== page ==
As surf destinations go, Tofino is relatively new. This west Vancouver Island town on the south side of Clayoquot Sound is surrounded by frigid, often stormy waters, where temperatures range from 7 to 15 degrees Celsius year-round. When surf culture was taking off in Southern California in the 1950s, Tofino was a remote fishing village, accessible only by boat. It wasn’t until 1959 that the first logging road was built (and not until 1972 that it was paved), connecting this paradise peninsula to the rest of the island and giving hippies and draft dodgers with surfboards strapped to their car roofs a direct route to the waves.
“I still remember the first time I pulled my brothers over to the window and said, ‘Oh my god, look, there’s someone surfing!’” says Catherine Bruhwiler. She and her brothers are widely considered Tofino’s first family of surfing – they taught themselves in the 1980s, in ill-fitting wetsuits atop whatever boards they could find. “When I started, surfing in Canada just didn’t exist,” says Bruhwiler. “There were a few expats and other kids in the neighbourhood doing it, but no one ever dreamed you could make a career out of it – or go to the Olympics.”
While California may conjure up a 1960s Beach Boys scene, and Hawaii’s notorious for big waves, Tofino has become known for its inclusive surf community and its high proportion of female surfers. “The number of women we have surfing here – it’s probably 50-50 – is rare,” says Devries. “I think it helps with the positive vibes in the water.” Ten years ago, Krissy Montgomery, owner of local female-run school Surf Sister, co-founded Queen of the Peak, largely in response to the exclusivity of surf contests, which often had women surfing at the end of the day with far less prize money than male competitors. “Women didn’t care that much about surf contesting because contesting didn’t care about us,” says Montgomery. In the first year, she had to beg her friends to sign up, eventually wrangling around 40 contestants. At this year’s 10th-anniversary event, three of the four divisions filled up in 15 minutes.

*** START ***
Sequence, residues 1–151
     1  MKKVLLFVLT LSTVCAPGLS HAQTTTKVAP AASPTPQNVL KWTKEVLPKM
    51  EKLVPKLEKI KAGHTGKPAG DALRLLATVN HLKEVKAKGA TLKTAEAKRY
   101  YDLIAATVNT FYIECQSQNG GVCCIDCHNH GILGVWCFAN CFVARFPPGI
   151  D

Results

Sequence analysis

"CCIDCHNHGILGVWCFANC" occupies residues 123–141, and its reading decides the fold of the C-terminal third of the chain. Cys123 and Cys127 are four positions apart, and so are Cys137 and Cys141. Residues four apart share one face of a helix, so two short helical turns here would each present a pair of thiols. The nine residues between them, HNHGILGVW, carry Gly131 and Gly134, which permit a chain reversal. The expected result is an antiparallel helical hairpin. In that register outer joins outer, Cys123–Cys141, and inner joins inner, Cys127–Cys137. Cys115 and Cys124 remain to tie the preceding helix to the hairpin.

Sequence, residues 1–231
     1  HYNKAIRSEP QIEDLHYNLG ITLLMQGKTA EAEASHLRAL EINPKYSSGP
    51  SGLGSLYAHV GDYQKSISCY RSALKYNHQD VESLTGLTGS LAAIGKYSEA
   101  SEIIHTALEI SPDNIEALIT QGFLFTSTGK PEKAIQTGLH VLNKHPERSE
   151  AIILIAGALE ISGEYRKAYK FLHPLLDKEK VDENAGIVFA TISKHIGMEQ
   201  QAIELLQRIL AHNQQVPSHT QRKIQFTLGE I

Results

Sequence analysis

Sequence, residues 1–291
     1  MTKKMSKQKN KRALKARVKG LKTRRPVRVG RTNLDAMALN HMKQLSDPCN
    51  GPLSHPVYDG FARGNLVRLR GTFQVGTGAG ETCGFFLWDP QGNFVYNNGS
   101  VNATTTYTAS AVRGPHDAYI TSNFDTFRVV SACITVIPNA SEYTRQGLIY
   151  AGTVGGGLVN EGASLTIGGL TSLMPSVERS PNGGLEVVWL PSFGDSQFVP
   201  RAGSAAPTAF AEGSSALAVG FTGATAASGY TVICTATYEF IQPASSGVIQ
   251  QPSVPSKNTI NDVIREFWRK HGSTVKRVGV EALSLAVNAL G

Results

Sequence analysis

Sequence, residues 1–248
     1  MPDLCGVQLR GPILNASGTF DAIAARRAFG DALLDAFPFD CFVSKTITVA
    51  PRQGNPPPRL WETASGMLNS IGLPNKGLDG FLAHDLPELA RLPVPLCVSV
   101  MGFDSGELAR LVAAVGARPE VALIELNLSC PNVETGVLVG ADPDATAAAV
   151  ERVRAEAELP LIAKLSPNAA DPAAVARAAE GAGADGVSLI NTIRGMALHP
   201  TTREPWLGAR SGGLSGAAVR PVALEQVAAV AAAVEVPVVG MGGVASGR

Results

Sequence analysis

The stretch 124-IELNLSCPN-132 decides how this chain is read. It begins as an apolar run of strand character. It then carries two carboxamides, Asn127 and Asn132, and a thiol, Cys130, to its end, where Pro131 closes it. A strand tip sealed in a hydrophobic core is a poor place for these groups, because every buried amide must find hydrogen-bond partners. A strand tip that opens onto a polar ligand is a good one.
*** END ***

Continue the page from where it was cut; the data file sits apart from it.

Queen of the Peak is one of Olin’s favourite competitions. She’s been participating in it since she was 10, and at 11, she won her first Princess of the Peak. “She was the one little Princess who paddled out the back,” says Montgomery. “We watched her drop into what was a well overhead wave for her, and not just surf down the line, but actually carve and do beautiful turns. It’s been wild watching her sweep the Princess and then move into the adults and go straight to the finals.”
It was also around 10 when Olin first remembers watching Devries in the water, studying his bottom turn in particular. While Devries had to look to videos and magazine spreads for inspiration, Olin’s generation has looked to him. “Growing up, I literally watched Pete’s every movement,” says Olin. “Getting to learn so much from him is my favourite thing about travelling to competitions together.”